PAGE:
Marmarth ( MAR-məth) is the largest city in Slope County in the U.S. State of North Dakota with a population of 143 as of 2014. It is situated in the southwestern part of Slope County, along the Bowman County line in the southwestern part of North Dakota, just seven miles east of the Montana border. Marmarth was founded as a railroad town along the Milwaukee Road from Seattle, WA to Chicago, IL. By 1920, Marmarth had over 1,300 residents. The town's population declined during most of the 20th century and was only 143 in 2014. There is one restaurant and one bar still located in Marmarth in 2013.
The town is recognized for various historical events, including Native-American Lakota history, the discovery of the Dakota fossil and various other dinosaur skeletons, the attack on James L. Fisk by Sitting Bull, and several visits by former president Theodore Roosevelt. Roosevelt visited Marmarth on several occasions and killed both his first buffalo and his first grizzly bear by the Little Missouri River in Marmarth. The old ranch house on Hay Creek in which Roosevelt stayed during his visits is still standing. Another visited attraction in town is the “Woman in Stone”, which is a 50-foot rock depicting the face and hairline of a woman.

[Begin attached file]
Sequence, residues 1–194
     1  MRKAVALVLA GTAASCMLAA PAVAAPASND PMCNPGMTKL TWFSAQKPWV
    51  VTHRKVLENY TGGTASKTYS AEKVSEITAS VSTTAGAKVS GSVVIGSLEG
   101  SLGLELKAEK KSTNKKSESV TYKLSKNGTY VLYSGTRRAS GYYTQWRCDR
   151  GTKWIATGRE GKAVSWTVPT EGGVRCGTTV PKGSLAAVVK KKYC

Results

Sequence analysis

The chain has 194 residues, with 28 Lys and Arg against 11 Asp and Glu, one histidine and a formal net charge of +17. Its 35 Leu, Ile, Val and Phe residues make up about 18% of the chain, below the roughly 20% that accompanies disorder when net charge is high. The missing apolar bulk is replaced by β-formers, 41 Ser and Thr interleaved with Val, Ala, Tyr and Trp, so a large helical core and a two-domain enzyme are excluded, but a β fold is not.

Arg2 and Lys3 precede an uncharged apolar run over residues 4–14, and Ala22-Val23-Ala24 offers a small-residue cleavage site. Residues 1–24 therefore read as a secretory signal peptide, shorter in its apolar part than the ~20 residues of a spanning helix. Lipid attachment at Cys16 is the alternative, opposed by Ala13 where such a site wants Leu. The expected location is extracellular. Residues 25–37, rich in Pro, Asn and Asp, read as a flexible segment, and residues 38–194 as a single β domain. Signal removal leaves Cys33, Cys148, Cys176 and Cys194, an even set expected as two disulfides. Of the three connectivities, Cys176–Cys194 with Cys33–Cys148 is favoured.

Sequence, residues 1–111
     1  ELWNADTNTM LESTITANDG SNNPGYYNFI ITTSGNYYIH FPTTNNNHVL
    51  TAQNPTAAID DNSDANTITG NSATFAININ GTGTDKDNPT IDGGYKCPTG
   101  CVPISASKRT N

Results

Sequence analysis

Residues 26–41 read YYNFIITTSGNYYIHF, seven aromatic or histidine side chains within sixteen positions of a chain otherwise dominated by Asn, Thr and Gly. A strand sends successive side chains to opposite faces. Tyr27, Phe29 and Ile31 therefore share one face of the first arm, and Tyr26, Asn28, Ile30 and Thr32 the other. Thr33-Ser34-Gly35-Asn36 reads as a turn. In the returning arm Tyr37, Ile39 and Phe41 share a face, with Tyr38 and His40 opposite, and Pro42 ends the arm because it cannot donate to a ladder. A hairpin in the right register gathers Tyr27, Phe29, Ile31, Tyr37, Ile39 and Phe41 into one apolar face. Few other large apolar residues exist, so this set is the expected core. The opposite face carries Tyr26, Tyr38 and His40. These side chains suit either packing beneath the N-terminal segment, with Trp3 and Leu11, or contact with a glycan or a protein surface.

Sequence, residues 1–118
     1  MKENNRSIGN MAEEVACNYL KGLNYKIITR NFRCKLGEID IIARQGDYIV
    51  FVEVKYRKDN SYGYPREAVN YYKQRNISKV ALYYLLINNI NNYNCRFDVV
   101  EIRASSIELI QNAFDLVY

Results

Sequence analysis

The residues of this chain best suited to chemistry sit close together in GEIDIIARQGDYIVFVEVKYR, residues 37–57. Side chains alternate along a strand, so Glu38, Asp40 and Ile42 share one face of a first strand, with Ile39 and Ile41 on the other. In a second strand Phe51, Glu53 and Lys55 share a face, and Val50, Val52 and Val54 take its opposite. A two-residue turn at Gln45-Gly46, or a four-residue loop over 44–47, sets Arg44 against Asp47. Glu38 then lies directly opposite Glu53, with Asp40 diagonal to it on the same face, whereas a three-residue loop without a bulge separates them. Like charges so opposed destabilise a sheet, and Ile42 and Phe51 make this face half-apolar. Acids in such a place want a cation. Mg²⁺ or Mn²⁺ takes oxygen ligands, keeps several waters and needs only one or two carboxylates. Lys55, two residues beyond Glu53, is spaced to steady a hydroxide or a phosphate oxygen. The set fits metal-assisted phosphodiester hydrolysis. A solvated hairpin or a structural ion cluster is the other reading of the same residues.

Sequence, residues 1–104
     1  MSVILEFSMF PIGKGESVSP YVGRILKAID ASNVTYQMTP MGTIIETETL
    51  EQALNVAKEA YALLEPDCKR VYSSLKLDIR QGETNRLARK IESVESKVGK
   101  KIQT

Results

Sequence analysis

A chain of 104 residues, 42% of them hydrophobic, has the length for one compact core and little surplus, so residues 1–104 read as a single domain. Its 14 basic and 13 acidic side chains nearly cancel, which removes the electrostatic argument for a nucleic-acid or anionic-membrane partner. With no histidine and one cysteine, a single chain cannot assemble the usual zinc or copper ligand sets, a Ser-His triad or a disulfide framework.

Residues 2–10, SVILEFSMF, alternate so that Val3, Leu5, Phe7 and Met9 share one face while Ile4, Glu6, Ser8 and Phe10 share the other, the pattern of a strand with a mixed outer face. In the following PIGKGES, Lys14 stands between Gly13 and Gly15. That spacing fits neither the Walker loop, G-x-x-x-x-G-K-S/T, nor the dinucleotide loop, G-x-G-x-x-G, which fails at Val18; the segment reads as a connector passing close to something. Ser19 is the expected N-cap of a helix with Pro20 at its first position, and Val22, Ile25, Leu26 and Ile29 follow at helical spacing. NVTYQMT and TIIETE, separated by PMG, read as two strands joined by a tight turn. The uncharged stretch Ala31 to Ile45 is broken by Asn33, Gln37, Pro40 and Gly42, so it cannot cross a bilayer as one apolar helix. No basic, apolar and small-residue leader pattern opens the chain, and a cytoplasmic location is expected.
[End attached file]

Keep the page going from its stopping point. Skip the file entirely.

The town is located 50 air miles and nearly 100 road miles from Theodore Roosevelt National Park. Marmarth is adjacent to the Little Missouri National Grassland, and is also the closest city to Big Gumbo, a 20,000 acre federally owned public wilderness area administrated by the Bureau of Land Management.
Several movies and TV shows have been filmed in the Theodore Roosevelt National Park, including the Wooly Boys, History Hogs and The Indomitable Teddy Roosevelt, all which were filmed in neighboring Billings County.
The name comes from a combination of letters in the first and middle names of Margaret Martha Finch, granddaughter of Albert J. Earling, president of the railroad at the time.